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Filed under Knowledge Management, Governance, Controls, Internal controls, Management, Collect, Use, Oversight, Accuracy

Surgical precision

How do you deal with claims of sexual harassment?  Have two law firms conduct investigations and fire 20 people.  But will that be the end or the middle?

“Uber Fires Over 20 In Wake Of Probe,” The Wall Street Journal, June 7, 2017 B1.  Over two hundred claims investigated and no action taken in 100 of them.

Were there supervisors who participated or condoned or who failed to notice or respond?  Were there reporting practices and policies in place?  If harassment was “accepted” in the Uber culture, who’s to blame?  HR?  The Board?  Management?  How long had this been going on?  How much will the shareholders have to pay?

A summary of one of the law firm reports is due out soon.

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Filed under Board, Compliance, Compliance, Compliance, Controls, Corporation, Culture, Culture, Duty, Employees, Governance, Internal controls, Management, Oversight, Oversight

The self-governing company

Uber fired the executive at the heart of the dispute with Google over self-driving cars.  The exec failed to meet a deadline to comply with a court order to turn over documents in a trade secret case over self-driving cars. “Uber Fires Executive At Center Of Suit,” The Wall Street Journal, May 31, 2017 A1.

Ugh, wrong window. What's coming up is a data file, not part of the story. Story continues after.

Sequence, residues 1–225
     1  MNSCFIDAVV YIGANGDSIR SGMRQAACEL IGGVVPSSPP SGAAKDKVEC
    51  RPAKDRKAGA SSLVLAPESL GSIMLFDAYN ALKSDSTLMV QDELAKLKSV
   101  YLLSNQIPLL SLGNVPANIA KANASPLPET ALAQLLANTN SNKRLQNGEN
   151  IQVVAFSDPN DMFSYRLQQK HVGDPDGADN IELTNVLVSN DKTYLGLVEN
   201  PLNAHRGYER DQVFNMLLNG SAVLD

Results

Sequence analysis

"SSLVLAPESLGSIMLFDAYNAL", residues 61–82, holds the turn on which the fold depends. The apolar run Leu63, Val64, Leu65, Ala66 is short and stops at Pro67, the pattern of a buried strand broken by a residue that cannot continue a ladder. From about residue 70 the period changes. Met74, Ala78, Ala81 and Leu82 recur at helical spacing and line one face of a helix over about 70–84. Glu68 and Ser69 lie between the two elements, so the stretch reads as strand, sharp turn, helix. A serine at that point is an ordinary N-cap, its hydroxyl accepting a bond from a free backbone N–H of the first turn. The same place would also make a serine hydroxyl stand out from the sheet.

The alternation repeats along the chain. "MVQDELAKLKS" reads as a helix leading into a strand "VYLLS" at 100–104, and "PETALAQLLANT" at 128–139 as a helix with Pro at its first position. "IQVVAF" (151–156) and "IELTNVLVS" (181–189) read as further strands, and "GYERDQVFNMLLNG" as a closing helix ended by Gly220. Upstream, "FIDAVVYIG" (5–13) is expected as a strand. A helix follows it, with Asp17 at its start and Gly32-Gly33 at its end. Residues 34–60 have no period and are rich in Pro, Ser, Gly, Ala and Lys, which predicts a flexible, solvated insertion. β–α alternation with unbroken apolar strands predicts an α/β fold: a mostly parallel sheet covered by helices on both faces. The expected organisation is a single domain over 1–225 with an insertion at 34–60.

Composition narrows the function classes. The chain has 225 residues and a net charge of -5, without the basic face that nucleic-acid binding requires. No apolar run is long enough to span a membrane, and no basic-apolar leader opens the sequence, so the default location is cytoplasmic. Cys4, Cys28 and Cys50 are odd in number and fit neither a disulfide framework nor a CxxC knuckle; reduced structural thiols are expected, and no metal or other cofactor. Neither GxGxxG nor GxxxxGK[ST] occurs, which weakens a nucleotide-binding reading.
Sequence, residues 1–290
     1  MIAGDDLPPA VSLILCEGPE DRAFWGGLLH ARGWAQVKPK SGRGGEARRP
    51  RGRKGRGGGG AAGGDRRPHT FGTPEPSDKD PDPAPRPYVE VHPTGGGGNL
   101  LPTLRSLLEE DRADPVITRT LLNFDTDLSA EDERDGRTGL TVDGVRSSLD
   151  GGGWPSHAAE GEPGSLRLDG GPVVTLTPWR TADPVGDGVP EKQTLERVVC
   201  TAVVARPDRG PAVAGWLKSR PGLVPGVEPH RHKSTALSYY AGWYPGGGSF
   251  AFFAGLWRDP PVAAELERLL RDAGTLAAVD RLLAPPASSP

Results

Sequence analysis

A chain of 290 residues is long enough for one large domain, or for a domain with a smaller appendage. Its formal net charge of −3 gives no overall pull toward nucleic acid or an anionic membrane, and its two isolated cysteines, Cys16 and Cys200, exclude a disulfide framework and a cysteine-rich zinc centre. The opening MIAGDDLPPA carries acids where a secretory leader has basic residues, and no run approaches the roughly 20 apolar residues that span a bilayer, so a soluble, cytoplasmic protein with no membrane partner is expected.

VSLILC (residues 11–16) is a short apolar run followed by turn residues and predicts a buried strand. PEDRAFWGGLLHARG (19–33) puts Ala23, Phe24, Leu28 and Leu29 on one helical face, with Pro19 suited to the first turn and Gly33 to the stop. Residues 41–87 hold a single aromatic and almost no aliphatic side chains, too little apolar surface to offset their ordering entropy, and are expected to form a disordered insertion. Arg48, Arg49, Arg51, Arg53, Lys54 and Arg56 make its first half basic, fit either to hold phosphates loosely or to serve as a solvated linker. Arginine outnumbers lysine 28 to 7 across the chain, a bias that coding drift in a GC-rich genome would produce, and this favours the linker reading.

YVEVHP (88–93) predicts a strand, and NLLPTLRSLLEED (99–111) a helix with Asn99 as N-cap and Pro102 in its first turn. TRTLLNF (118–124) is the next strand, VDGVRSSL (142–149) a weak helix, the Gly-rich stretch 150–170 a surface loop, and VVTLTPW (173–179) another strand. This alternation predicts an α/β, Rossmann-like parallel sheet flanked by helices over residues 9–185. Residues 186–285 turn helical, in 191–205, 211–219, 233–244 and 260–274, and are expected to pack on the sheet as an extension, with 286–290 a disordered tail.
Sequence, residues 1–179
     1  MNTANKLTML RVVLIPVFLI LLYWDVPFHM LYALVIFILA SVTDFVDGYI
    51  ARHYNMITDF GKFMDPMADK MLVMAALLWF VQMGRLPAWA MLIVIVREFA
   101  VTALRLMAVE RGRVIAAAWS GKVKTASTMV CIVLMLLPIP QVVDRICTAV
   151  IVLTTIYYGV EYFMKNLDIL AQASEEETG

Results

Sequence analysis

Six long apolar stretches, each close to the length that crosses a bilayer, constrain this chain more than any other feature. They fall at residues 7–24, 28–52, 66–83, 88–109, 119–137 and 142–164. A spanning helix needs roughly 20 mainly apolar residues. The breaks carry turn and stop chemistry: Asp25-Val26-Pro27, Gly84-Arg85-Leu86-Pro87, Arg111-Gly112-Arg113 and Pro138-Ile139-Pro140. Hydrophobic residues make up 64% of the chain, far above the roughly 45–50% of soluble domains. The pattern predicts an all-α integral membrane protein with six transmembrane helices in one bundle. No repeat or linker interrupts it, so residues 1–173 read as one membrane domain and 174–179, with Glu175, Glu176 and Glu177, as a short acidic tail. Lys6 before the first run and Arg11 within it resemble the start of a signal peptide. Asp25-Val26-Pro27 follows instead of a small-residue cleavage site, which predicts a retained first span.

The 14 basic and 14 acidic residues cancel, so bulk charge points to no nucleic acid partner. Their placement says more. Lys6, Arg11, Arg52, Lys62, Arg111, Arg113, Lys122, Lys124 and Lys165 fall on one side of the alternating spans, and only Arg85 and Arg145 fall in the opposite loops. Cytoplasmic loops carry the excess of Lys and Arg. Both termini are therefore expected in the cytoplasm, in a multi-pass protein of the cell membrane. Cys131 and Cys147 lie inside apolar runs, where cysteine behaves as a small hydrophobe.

Lesson?  If you hire an employee from a competitor and he’s accused of stealing his former employer’s trade secrets, try your best to look good.

What’s your process for keeping new employees, especially from competitors, from damaging your business and your reputation by bringing in your competitor’s trade secrets?  Did you follow it, or is it just there for show?

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Filed under Communications, Compliance, Controls, Corporation, Duty, Employees, Governance, Information, Internal controls, Management, Managers, Oversight, Ownership, Policy, Protect, Third parties, Value

Backlog

Travel-related backlog.

Executives do go to jail.  “Ex-VW Official to Stay in Jail,” The Wall Street Journal, May 26, 2017 B3.  The official was head of the environmental and engineering office.  VW had already pleaded guilty to criminal charges in connection with the diesel emissions scandal.  So the company AND some executives are criminally charged!  Guess Sally Yates meant it.  At least for foreign companies.  But no directors have been sued.  Yet.